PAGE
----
Case Study: Shaker Museum Mount Lebanon
Using Online/Offline Consumer Personas Towards Inclusive Design
“Don’t make something unless it is both made necessary and useful;
but if it is both necessary and useful,
don’t hesitate to make it beautiful.”
— Shaker dictum
We’ve had the pleasure of partnering with the the Shaker Museum | Mount Lebanon to bring their collection online and accessible to everyone everywhere in addition to designing their new website. After months of hard work with Lacy Schutz, the museum director and the brilliant staff, the Museum is launching the site this week, so we wanted to take some time to call special attention to our work with them- as well as talk about the remarkable work the Museum, and the Shakers themselves, have done for the advancement of a just and humane society!
The Shakers are often remembered today for their strict religious code of celibacy- besides abstaining from sex, opposite-sex Shakers would refrain from touching or even passing one another on stairs- but their society was rooted in many values considered progressive today, such as absolute gender equality- including a belief that God encompassed both male and female- communal property, and complete social welfare including public education and community care of orphans, the elderly and the infirm.
Besides their many inclusive social values, the Shakers were innovative designers. To the Shakers useful innovation, efficiency, cost-effective use of resources, high quality craftsmanship, and loving attention to work were themselves considered acts of worship. The Shakers’ distinctive style of attractive and durable architecture and furniture are emulated and duplicated even today, and Shakers patented dozens of agriculture and houseware inventions, including the circular saw, washing machine, wheelchair, carpentry level, and numerous tools still used in virtually unchanged forms today.
We worked strategically with the Shaker Museum from the beginning to incorporate inclusive design principles into both their website design and branding. We visited the Museum site, centered on the remains of a beautiful stone Shaker barn, explored the collection, and learned all we could about Shaker culture, history, and the repository of human and literary knowledge the Museum counts among its collection. After getting a clear sense of the Museum’s mission, we developed the following goals for the Museum’s strategy and branding:
·Get Shaker ideas out into the world. The Shakers represent an important- and in many ways, forgotten- part of American history, with many values and knowledge that still have great value today. We also wanted to express the idea that the brand values were the same as the Shakers- in Shaker society, every age, gender, and ability had a purpose, responsibility, and position of worth.
·Build and engage membership. The Museum’s mission is to provide a free educational experience, so it relies on the donations of members to sustain that mission. Designing an inclusive experience would maximize the number of visitors who would be interested in becoming a part of that mission.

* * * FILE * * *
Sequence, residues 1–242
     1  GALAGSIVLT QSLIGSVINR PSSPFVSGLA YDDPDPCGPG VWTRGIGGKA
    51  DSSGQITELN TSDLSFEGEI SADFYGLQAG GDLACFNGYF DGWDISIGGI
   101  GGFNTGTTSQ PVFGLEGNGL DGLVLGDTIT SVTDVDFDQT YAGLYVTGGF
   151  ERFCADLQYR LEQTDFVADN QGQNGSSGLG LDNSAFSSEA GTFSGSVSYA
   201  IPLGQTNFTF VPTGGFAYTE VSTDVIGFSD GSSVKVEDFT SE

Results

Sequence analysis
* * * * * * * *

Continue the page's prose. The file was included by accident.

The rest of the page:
·Position the Museum as expert, academic, and approachable. Shaker Museum | During the height of the Shaker movement, Mount Lebanon was the central hub for all Shaker colonies. As a result, it holds the largest collection of Shaker objects and artifacts – attracting the respect and engagement of academics but also lay people interested in history, design, culture, art, women’s rights, and beyond.
·Create a digital destination. The museum site is definitely worth a visit; however, Mount Lebanon is a long trip from New York City and other major urban centers, so it was key to provide easy access to the collection to anyone, anywhere- whether students and researchers or tourists and travelers. We decided to style the user experience consistent with the Shaker conventions of structure, color schemes and imagery.
One of the key steps in the inclusive design process is the development of personas. In this case, beyond academics, students, researchers, tourists and philanthropists, we incorporated the locals who have a shared history with the Shakers in Mount Lebanon- and who have very different interests and pain points than the typical museum visitors and followers. Local visitor personas inform decisions beyond the paths to the content, such as the language that we will use and accessibility standards. These personas informed the user experience design, as well as universal inclusive principles such as gender-neutral language and accessibility.
The personas that we developed proved to be key beyond the website- the museum used them as a guide to structure their membership and programming, making sure that they are serving all key audiences.
If you have the time for a beautiful drive into the countyside, we heartily recommend checking out the Shaker Museum at Mount Lebanon for yourself. The Museum, and its collection, are a wonderful reminder of a Shaker value relevant to every inclusive designer today: “That which has in itself the highest use, possesses the greatest beauty.”